Top referee Ashley Klein has paid the price for his blunders in Melbourne's loss to Canberra, with the State of Origin official axed for the second week of the finals.
The NRL confirmed on Monday that Klein would only act as a stand-by official for the semi-final round, as they admitted Melbourne had three incorrect calls go against them in the 12-10 loss.
On a busy day in refereeing ranks, the NRL's head of football Graham Annesley also urged social media trolls to lay off touch judge Michael Wise.
Wise was also dropped with Annesley following an error late in the match, and has since come under heavy fire on social media.
But it is the omission of Klein that is most notable, given he refereed last year's grand final and the last two Origin series.
Klein's biggest error came in his failure to penalise and sin-bin Canberra's Elliott Whitehead for taking Ryan Papenhuyzen out off the ball as he supported a Melbourne break.
Assistant referee Chris Sutton had yelled out for the penalty to be blown, but Klein has since told officials he didn't hear that over the crowd noise.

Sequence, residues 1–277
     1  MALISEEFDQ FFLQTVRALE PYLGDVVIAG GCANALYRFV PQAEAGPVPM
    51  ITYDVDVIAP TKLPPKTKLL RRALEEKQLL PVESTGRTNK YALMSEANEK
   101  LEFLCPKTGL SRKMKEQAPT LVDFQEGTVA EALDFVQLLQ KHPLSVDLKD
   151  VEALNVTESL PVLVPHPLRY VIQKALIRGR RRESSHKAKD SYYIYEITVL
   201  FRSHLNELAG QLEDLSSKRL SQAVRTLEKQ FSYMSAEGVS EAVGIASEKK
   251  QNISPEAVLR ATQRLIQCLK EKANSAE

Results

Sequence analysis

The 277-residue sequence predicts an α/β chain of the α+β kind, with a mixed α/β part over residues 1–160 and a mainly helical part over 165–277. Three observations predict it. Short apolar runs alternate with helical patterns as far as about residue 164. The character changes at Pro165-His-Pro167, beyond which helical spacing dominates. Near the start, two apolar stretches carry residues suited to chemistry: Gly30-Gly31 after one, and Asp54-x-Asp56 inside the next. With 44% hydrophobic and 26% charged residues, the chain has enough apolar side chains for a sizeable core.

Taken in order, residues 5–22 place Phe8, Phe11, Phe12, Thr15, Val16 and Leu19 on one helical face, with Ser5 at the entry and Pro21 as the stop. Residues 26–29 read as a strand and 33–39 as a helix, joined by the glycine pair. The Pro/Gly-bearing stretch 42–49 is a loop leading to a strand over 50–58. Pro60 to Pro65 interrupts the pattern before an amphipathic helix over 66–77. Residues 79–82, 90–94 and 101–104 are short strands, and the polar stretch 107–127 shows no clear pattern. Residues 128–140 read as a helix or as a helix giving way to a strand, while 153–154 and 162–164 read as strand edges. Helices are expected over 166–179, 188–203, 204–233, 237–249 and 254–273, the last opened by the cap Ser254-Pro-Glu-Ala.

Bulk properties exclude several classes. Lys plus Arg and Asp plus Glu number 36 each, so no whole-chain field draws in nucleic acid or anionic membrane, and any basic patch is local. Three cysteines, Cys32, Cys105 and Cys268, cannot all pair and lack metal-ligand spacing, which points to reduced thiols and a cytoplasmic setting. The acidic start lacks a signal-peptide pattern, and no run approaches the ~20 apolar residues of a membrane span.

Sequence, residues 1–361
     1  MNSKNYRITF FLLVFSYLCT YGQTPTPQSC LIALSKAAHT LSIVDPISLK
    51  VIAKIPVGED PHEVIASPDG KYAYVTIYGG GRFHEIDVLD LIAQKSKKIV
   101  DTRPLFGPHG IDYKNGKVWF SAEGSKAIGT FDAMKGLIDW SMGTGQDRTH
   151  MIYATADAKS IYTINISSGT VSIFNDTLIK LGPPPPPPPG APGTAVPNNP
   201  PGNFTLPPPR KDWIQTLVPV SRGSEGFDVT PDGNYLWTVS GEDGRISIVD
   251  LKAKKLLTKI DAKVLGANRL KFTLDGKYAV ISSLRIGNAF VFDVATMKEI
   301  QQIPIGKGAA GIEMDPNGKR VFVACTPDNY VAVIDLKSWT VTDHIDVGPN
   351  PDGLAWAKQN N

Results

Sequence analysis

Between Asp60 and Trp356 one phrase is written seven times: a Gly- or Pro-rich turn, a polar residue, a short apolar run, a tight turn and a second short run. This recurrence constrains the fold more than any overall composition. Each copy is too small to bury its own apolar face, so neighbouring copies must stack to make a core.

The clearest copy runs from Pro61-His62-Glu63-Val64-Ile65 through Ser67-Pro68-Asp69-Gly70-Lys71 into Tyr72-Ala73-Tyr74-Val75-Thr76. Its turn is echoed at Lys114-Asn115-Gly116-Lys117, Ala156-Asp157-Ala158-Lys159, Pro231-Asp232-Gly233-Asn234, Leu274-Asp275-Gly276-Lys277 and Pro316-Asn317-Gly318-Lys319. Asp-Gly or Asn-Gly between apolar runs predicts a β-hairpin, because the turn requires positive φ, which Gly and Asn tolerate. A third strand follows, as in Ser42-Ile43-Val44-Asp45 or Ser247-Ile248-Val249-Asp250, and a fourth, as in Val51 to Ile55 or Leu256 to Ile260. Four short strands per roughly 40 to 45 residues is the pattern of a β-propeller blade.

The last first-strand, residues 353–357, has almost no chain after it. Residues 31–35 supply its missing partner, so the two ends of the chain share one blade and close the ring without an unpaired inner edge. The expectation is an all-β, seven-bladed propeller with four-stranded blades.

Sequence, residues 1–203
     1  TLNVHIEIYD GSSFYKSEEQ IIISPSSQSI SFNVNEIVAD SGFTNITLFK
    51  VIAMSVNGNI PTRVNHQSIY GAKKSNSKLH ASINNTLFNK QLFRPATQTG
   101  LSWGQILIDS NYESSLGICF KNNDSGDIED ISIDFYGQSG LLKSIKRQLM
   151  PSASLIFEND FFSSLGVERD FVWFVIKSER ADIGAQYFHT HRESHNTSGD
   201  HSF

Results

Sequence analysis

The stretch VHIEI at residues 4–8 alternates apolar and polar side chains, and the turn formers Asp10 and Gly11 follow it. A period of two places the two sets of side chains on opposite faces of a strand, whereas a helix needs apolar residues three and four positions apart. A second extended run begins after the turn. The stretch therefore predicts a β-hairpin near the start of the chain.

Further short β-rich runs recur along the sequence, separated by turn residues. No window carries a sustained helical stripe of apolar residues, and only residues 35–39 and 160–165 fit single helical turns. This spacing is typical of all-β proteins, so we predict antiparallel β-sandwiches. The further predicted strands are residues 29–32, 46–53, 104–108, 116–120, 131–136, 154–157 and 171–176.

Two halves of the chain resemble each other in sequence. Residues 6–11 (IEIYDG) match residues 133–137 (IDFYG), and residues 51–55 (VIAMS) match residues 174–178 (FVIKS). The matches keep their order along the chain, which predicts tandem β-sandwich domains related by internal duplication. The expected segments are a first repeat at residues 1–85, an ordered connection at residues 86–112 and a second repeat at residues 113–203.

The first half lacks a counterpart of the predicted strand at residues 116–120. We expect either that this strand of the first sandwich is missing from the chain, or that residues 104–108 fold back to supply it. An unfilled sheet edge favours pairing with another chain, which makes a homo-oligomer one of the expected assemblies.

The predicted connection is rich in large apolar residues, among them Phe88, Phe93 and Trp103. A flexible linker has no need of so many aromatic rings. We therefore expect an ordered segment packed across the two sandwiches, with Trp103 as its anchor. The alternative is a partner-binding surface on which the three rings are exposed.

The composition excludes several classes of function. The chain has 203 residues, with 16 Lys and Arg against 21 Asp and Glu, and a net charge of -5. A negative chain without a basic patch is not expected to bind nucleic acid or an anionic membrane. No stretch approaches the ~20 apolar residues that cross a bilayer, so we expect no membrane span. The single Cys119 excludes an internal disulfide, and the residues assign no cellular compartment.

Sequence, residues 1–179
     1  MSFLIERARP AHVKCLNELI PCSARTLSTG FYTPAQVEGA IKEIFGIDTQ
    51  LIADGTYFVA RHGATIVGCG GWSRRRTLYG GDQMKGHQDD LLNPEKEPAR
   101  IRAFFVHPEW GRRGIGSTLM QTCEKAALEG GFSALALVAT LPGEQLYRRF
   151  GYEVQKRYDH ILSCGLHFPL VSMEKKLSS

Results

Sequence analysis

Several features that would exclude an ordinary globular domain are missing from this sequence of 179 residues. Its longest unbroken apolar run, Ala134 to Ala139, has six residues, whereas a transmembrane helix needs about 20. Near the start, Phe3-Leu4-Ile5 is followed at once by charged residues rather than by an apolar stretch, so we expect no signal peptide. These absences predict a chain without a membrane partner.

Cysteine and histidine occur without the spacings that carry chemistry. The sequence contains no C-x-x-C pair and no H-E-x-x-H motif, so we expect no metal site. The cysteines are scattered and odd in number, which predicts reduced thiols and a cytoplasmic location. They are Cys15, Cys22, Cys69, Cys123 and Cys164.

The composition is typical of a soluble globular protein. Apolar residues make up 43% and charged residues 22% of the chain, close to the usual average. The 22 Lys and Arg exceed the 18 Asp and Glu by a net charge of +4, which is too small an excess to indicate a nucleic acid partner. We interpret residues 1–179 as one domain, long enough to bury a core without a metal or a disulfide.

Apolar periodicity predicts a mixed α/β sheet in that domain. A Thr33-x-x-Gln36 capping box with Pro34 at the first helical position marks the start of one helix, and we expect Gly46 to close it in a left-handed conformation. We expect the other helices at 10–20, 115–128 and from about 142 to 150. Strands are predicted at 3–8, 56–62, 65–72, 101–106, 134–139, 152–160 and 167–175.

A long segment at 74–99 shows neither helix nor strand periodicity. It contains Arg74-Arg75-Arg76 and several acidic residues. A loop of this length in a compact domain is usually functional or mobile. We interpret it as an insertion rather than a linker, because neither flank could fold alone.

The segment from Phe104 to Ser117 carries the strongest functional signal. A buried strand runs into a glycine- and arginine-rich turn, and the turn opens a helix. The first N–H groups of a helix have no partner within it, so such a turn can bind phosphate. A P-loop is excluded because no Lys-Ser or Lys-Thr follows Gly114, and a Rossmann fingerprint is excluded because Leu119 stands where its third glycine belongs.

Klein then penalised Jarrod Croker on the next play for holding down, but failed to sin-bin him for the professional foul given the Storm's momentum from the break.
"In either of those cases the offending player should have been sin-binned," Annesley said.
"The referee (Klein) didn't hear the (original Whitehead) call because there is a lot of noise in the stadium listening through a small earpiece.
"But holding down excessively under the posts in a try-scoring situation, in our view, should see a player sin-binned."
Annesley also said Klein was wrong to not penalise Whitehead earlier in the match for a strip, when Sutton had again told him to call the indiscretion.
The football boss did however defend the 21 penalties blown in the match, which was more than double any other game from the weekend.
Meanwhile Wise was dropped for incorrectly ruling Storm winger Suliasi Vunivalu had touched the sideline as he caught a short kick off in the game's penultimate minute.
But Annesley said the touch judge was struggling with both the decision he'd made as well as abuse and threats he'd copped online following the tight finish.
"Some of the stuff that has been floating around on social media, including vilification of him as a person and threats, are completely unwarranted," Annesley said.
"No one is out there trying to make errors. These people have families and they commit to the task.
"Yes he made a bad decision but it doesn't make him a bad person or a bad official.
"People who make threats and verbal character assassinations of people online really need to pull their heads in."
Annesley also stressed that Vunivalu had come close to the touchline and not "nowhere near it" as he said some had claimed.
© AAP 2019